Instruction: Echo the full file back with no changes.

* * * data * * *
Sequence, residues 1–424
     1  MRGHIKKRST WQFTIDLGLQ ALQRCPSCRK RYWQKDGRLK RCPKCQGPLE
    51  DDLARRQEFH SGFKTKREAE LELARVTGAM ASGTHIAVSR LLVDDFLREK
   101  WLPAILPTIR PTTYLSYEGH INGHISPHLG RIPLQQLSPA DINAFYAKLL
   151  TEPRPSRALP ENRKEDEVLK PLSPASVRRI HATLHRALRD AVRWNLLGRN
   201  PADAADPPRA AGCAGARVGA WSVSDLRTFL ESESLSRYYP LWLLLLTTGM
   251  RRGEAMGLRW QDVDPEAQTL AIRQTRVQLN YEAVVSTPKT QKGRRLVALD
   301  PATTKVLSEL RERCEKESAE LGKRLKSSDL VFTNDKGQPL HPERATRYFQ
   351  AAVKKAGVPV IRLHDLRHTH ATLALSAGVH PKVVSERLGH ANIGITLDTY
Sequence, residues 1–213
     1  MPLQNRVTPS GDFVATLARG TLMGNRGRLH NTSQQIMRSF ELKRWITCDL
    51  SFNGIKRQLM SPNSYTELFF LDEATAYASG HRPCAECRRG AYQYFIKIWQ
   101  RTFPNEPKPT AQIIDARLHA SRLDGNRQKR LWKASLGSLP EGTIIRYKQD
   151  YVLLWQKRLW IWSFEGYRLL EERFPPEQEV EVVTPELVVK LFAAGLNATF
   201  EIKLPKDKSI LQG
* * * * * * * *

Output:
Sequence, residues 1–424
     1  MRGHIKKRST WQFTIDLGLQ ALQRCPSCRK RYWQKDGRLK RCPKCQGPLE
    51  DDLARRQEFH SGFKTKREAE LELARVTGAM ASGTHIAVSR LLVDDFLREK
   101  WLPAILPTIR PTTYLSYEGH INGHISPHLG RIPLQQLSPA DINAFYAKLL
   151  TEPRPSRALP ENRKEDEVLK PLSPASVRRI HATLHRALRD AVRWNLLGRN
   201  PADAADPPRA AGCAGARVGA WSVSDLRTFL ESESLSRYYP LWLLLLTTGM
   251  RRGEAMGLRW QDVDPEAQTL AIRQTRVQLN YEAVVSTPKT QKGRRLVALD
   301  PATTKVLSEL RERCEKESAE LGKRLKSSDL VFTNDKGQPL HPERATRYFQ
   351  AAVKKAGVPV IRLHDLRHTH ATLALSAGVH PKVVSERLGH ANIGITLDTY
Sequence, residues 1–213
     1  MPLQNRVTPS GDFVATLARG TLMGNRGRLH NTSQQIMRSF ELKRWITCDL
    51  SFNGIKRQLM SPNSYTELFF LDEATAYASG HRPCAECRRG AYQYFIKIWQ
   101  RTFPNEPKPT AQIIDARLHA SRLDGNRQKR LWKASLGSLP EGTIIRYKQD
   151  YVLLWQKRLW IWSFEGYRLL EERFPPEQEV EVVTPELVVK LFAAGLNATF
   201  EIKLPKDKSI LQG